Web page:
It’s been clear that the relationship between “the Magento Inc. spun out of eBay and purchased by Adobe” and its open source community has been strained for a long time. While there were individuals inside the company who tried to nurture and maintain this relationship, the software engineering that Magento Inc. did usually made it harder for open source users to use and implement the traditional PHP/MVC Magento system.
It sounds like this dynamic is reaching its inevitable endgame, with Adobe’s Magento architects talking about a plan to replace large parts of the commercial platform with Adobe I/O services.
This, combined with radio silence about a roadmap for the open source version of Magento, had led to eighteen people from the Magento community, (developers and business owners alike), to announce their intent to create a defensive fork of Magento 2 in anticipation of the day it’s deprecated or discontinued.
I don’t think we’ll see anything big out of this effort right away. Both the open letter and this blog post from the folks behind Hyvä talk about creating an upstream compatible fork — one that presumably mirrors changes made in the main Magento repository while building out its own project infrastructure to prepare for the day the Magento 2 open source project is deprecated or discontinued.
While Magento’s code is released under an open source license, there are things that Adobe could do to hamper this effort if they decide the fork threatens their core business. They own legal trademarks to the Magento name and could delay/hamper the effort by being sticklers about use of the word Magento anywhere in the new project. They also have a lot of influence over the third party companies that implement Magento systems and could easily start a disinformation campaign about the new project.
There’s also the uncomfortable fact (or perhaps threat) that these are small human scale businesses looking to fork Magento and Adobe is an enormous multi-national corporation with what seems like ∞ money.
Hopefully cooler heads prevail and the proactive reaching out to Adobe that the Magento Open Source Community Alliance is doing goes well. If Adobe’s Magento leadership team is good at their jobs they’ll know the path to their success is to focus on their customers and build the best microservices enabled commerce platform they can, and that hampering an open source project can only lead to distractions for their team, bad press, and ill will all around.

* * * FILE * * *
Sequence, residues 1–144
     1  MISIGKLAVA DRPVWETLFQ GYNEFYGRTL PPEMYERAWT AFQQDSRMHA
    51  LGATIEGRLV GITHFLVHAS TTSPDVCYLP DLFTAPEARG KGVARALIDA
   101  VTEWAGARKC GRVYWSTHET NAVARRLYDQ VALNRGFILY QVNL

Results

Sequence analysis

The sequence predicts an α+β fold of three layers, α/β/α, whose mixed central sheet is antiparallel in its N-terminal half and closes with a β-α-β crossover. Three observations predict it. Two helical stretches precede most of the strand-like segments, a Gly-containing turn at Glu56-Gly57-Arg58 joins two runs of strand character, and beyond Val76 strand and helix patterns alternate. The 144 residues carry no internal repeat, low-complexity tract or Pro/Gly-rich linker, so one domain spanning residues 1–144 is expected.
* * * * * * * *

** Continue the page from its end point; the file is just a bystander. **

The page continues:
Forking Magento 2 will mean more than just forking the Magento 2 repository in GitHub. When Magento Inc. spun off from ebay their embrace of open source included building a not insignificant technical moat around the project.
Magento 2 is intended to be installed and run via composer, but Magento doesn’t publish packages to the public packagist repository. Instead, they have a third party repository named
https://repo.magento.com where individual packages are published. This repository is not public — it requires a composer username and password that’s tied to your Magento Inc. account.
Rumor has it that Private Packagist powers this repository, but the code that publishes the individual packages from Magento’s main project repository is not, to my knowledge, shared publicly or open source. I’ve long thought it might be interesting to build a tool that looks at the Magento code in their GitHub repository and confirms it’s the same code that’s been published to the private composer repository.
This packagist repository is also how Magento distributes extensions via its Marketplace — both free and paid. It used to be possible to download your purchases as stand alone zip archives, but Adobe disabled that feature at some point. How a fork interacts with these marketplace extensions could be another tricky thing to work out.
From a technical point of view, forking Magento 2 probably means recreating this infrastructure. Perhaps, on a long enough timeline, it could even mean simplifying it.
It’s an interesting era for folks still working with Magento. Only time will tell if there’s still enough demand for custom built self-hosted ecommerce stores and if that demand’s enough to keep the open source platform going. The self-run era of software systems may be fading into the history books.